Advantages of OCIPs for housing organizations:

1. Greater Flexibility: Housing organizations retain the autonomy to tailor coverage to match their specific needs, risk profile, and project requirements. This includes the selection of insurance brokers, policy limits, and terms.

2. Control Over Claims Process: By overseeing the claims process, housing organizations can choose legal representation (if stipulated in the policy terms) and maintain involvement throughout, ensuring transparency and awareness of claim status.

3. Risk Management Oversight: Housing organizations wield significant influence over risk management practices on-site, enabling the implementation of centralized safety programs covering all contractors and subcontractors. This proactive approach can mitigate claims and minimize losses, thereby bolstering cost-control efforts.

Disadvantages of OCIPs:

1. Administrative Burden: The adoption of OCIPs necessitates increased administrative responsibilities, such as procuring coverages and managing claims, which can consume valuable time and resources.

2. Potential for False Claims: The broad coverage provided to subcontractors under OCIPs, coupled with their exemption from premium responsibilities, may inadvertently incentivize false injury claims unrelated to on-site activities.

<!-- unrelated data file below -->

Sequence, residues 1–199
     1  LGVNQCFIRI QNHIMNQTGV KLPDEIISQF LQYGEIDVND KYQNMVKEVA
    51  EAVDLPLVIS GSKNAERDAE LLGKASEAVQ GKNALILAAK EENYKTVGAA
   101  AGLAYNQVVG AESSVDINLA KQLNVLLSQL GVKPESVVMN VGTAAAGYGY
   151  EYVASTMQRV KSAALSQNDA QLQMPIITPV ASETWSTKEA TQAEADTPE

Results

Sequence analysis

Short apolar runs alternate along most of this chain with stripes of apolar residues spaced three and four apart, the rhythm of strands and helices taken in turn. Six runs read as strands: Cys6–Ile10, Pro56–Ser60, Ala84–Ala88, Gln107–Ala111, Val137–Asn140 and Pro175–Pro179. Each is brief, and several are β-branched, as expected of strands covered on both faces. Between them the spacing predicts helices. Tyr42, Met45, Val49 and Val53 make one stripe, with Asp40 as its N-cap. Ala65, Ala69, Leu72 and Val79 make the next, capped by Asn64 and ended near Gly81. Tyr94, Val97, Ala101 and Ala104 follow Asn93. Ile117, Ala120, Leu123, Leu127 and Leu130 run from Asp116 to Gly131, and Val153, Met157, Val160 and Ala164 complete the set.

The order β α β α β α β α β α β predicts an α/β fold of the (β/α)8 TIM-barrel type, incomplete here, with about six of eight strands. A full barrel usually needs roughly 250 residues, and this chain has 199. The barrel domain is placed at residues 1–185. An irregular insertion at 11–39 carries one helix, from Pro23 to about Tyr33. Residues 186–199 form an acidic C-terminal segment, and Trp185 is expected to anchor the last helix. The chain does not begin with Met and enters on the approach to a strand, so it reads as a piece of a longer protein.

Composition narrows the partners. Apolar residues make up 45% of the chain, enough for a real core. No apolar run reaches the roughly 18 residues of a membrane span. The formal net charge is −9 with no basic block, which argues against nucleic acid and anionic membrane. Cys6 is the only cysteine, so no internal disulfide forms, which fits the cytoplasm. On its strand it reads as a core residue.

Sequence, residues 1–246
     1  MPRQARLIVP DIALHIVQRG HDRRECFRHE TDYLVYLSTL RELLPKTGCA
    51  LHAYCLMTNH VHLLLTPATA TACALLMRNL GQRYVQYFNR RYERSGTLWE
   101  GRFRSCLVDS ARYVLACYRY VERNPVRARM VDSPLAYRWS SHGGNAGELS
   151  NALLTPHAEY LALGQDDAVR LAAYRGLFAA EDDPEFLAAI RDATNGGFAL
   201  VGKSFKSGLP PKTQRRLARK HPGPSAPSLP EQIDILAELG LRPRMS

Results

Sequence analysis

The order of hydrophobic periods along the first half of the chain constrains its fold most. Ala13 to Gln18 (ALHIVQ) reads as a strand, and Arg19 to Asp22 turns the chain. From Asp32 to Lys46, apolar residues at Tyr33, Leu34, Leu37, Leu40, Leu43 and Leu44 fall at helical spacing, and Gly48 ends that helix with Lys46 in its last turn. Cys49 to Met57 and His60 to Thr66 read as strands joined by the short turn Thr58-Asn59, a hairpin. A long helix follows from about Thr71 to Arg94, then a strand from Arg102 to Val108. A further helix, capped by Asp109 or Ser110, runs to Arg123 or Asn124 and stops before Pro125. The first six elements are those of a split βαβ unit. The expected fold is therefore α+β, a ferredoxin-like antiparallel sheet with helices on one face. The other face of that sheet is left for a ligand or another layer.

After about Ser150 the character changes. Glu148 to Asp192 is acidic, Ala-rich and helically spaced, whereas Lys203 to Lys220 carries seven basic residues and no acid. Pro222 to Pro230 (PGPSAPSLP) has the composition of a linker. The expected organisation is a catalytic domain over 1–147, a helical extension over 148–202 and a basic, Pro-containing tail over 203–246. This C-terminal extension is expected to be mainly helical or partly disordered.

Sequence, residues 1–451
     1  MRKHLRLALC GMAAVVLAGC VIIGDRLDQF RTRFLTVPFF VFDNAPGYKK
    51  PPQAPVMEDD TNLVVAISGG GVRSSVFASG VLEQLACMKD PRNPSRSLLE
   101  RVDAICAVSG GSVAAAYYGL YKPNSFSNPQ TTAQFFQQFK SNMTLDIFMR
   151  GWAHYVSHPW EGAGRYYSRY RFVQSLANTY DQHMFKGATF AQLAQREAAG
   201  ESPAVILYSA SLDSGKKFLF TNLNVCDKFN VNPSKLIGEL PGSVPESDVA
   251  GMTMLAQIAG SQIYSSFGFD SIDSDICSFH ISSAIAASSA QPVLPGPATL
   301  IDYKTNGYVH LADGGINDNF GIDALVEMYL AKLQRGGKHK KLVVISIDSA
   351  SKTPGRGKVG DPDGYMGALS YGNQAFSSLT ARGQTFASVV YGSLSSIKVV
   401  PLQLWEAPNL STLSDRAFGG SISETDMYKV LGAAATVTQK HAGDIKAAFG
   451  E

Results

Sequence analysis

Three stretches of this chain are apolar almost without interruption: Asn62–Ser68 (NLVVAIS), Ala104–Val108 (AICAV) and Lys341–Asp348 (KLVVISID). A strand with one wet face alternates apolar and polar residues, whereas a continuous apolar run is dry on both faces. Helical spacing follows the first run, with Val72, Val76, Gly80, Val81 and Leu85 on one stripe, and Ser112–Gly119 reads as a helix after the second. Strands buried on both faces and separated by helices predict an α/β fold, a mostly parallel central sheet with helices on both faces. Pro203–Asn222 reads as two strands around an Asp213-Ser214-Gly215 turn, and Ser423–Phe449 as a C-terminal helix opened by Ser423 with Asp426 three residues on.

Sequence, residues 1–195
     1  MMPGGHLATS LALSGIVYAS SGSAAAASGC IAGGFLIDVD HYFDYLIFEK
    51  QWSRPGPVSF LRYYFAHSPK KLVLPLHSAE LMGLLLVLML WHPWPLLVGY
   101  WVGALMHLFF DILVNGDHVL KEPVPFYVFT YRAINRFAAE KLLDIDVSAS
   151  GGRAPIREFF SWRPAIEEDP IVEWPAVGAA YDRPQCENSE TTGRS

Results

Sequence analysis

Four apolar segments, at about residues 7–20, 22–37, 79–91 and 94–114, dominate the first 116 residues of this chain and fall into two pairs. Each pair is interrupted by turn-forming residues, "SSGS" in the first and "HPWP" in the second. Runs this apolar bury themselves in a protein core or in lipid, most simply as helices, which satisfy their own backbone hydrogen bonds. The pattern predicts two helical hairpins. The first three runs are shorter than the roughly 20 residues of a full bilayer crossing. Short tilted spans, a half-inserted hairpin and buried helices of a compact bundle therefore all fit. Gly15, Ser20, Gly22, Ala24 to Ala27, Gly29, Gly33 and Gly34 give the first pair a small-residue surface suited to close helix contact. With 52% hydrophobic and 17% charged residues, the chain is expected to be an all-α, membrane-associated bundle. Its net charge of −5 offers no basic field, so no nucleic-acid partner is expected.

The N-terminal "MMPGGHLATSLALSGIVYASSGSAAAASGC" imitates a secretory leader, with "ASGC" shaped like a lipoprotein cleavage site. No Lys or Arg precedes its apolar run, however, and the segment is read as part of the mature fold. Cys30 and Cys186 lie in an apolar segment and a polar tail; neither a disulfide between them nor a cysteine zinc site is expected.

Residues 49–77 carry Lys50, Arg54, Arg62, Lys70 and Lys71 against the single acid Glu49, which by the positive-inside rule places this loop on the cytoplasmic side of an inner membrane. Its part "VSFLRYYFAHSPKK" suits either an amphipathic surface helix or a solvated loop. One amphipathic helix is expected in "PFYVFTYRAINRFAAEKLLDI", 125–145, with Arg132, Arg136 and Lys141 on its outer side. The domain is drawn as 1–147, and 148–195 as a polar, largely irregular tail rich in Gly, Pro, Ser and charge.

In contrast, CCIPs delegate insurance policy management, claims processing, and risk management oversight to general contractors, offering a different dynamic for housing organizations.

Disadvantages of CCIPs for housing organizations:

1. Cost savings from wrap-up insurance policies typically benefit contractors rather than housing organizations.

2. Lack of control over specific aspects of the insurance policy, including carrier selection, policy terms, and limits, limits housing organizations' ability to tailor coverage to their exact needs.

3. The absence of direct influence over the claims process and selection of legal representation may impede housing organizations' ability to actively manage claims outcomes.

4. Limited oversight over job site safety and risk management, as these responsibilities fall primarily within the purview of the general contractor rather than the housing organization.

Bottom line

The choice between OCIPs and CCIPs hinges on housing organizations' priorities regarding cost control, risk management, administrative involvement, and the desired level of oversight throughout the construction process.

Don't let uncertainty derail your construction projects. Take proactive steps to secure comprehensive coverage and streamline your insurance processes. Reach out to HAI Group's Account Services team now and embark on your construction endeavors with confidence!

Contact Account Services

This article is for general information only. HAI Group makes no representation or warranty about the accuracy or applicability of this information for any particular use or circumstance. Your use of this information is at your own discretion and risk. HAI Group and any author or contributor identified herein assume no responsibility for your use of this information. You should consult with your attorney or subject matter advisor before adopting any risk management strategy or policy. 

Leave a Comment